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United States Department of Agriculture

Agricultural Research Service

Research Project: SORGHUM FUNGAL PATHOGEN BIOLOGY AND DISEASE RESISTANCE

Location: Crop Germplasm Research

Title: Effect of systemic fungicides in the control of sorghum grain parasitic mycoflora

Authors
item Montes-Garcia, Noe -
item Prom, Louis
item Montes-Rodriguez, Noe -
item Garcia-Garcia, Miguel Angel -
item Pecina-Quintero, Victor -
item Diaz-Franco, Arturo -

Submitted to: Mexican Journal of Phytopathology
Publication Type: Peer Reviewed Journal
Publication Acceptance Date: September 1, 2010
Publication Date: December 1, 2010
Citation: Montes-Garcia, N., Prom, L.K., Montes-Rodriguez, N., Garcia-Garcia, M., Pecina-Quintero, V., Diaz-Franco, A. 2010. Effect of systemic fungicides in the control of sorghum grain parasitic mycoflora. Mexican Journal of Phytopathology. 28(2):156-158.

Interpretive Summary: Grain mold in sorghum is caused by a number of fungal species. As a result, controlling this disease complex is very difficult, especially in areas with frequent rains late in the growing season. Seeds infected with grain mold have lower yield and quality. In this study, four fungicides Tilt, Folicur, Benlate, and Bayleton were applied on several sorghum lines at different developmental stages (flowering, milk stage and at physiological maturity). Application of these fungicides at flowering resulted in more healthy seeds when compared with non-treated plants. The results also show that application of these fungicides at 125 ppm will provide protection against the grain molding fungi. This will in turn increase the productivity and profitability of sorghum.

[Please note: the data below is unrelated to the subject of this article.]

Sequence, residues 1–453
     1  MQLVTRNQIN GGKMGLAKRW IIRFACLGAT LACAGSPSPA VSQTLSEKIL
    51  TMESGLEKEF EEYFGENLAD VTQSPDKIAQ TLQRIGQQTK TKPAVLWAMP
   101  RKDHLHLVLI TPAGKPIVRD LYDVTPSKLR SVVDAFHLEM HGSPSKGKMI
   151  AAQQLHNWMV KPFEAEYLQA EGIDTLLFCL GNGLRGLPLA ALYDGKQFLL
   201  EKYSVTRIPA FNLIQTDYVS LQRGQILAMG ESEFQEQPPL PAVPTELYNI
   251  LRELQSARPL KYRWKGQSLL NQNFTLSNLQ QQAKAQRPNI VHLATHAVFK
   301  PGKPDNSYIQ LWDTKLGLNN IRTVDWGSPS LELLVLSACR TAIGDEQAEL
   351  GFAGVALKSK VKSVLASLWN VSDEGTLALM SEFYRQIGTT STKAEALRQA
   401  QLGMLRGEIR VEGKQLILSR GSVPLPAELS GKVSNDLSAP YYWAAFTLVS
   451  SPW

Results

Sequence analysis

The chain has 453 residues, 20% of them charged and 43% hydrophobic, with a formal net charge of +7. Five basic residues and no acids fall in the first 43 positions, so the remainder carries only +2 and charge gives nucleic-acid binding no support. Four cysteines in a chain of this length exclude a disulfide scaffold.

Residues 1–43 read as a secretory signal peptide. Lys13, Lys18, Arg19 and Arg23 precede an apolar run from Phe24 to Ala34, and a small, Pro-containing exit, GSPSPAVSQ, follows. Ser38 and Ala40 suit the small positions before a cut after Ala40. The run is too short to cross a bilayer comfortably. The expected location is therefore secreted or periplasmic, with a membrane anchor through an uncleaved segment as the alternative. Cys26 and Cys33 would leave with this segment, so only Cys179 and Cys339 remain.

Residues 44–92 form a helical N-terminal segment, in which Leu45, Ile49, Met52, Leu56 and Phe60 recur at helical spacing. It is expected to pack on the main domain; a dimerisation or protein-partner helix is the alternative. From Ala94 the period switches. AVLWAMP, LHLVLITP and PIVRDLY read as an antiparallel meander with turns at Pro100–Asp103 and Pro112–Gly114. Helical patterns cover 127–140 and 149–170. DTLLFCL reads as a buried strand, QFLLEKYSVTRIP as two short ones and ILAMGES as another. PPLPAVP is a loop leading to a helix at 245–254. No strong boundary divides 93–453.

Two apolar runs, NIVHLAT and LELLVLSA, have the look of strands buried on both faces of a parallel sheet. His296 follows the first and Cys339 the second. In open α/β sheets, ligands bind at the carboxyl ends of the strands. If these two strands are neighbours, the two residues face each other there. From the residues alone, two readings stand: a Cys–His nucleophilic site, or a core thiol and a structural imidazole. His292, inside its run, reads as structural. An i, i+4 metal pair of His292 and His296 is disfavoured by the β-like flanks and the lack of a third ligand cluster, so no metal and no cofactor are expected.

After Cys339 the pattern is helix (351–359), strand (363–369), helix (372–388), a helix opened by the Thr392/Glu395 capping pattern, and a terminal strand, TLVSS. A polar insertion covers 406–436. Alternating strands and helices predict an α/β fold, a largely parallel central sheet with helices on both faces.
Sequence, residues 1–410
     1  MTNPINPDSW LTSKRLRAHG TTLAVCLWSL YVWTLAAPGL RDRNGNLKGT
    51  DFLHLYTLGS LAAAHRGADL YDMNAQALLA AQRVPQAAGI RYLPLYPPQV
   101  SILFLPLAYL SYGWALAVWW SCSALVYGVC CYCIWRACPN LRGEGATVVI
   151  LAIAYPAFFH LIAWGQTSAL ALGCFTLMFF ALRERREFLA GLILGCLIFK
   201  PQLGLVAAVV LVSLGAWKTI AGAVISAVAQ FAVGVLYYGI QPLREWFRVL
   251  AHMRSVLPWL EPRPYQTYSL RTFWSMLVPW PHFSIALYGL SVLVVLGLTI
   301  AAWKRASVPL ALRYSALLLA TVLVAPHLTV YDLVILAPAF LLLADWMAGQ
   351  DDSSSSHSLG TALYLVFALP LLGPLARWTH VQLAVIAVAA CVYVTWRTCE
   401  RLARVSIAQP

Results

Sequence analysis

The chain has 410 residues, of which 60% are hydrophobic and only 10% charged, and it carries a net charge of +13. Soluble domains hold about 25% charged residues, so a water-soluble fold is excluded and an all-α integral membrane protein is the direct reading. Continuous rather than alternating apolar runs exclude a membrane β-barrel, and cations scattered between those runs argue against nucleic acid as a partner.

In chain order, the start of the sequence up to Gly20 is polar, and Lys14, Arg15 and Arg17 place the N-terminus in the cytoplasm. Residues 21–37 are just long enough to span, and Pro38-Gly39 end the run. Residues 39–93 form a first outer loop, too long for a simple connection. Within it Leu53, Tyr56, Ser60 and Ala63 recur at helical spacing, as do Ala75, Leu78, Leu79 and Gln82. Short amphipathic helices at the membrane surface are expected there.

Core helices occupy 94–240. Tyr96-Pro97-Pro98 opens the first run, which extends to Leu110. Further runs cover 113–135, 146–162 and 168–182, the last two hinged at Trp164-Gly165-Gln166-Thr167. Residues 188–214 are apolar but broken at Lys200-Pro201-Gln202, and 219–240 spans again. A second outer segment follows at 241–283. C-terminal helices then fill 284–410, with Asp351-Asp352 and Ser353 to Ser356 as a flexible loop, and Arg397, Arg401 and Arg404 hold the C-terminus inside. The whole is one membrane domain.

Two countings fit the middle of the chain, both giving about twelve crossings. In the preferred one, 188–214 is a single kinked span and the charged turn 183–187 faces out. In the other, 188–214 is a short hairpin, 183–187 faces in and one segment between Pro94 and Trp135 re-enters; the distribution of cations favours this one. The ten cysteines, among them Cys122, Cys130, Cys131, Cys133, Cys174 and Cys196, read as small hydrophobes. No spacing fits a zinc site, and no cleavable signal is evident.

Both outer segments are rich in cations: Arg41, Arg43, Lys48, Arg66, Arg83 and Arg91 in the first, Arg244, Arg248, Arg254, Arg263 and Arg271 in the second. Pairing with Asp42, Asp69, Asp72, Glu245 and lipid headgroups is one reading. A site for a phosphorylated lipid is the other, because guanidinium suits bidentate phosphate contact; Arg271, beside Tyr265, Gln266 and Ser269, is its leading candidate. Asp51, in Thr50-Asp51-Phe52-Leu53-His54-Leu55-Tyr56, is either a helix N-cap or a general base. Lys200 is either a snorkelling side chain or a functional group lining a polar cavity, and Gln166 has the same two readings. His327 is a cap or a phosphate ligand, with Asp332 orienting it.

Technical Abstract: Triazolic fungicides were applied to sorghum genotypes at several rates during the grain filling (flowering, milk stage and at physiological maturity) period to determine their effectiveness in controlling grain mold. After harvest, seeds were plated on potato dextrose agar. Application of these fungicides at flowering resulted in higher number of healthy seeds when compared with the control or non-treated plants. When the fungicides were applied at rates of 62.5 and 125 ppm, there was 19.5 to 21.5% increase in healthy seeds over the control plants.

Last Modified: 4/17/2014
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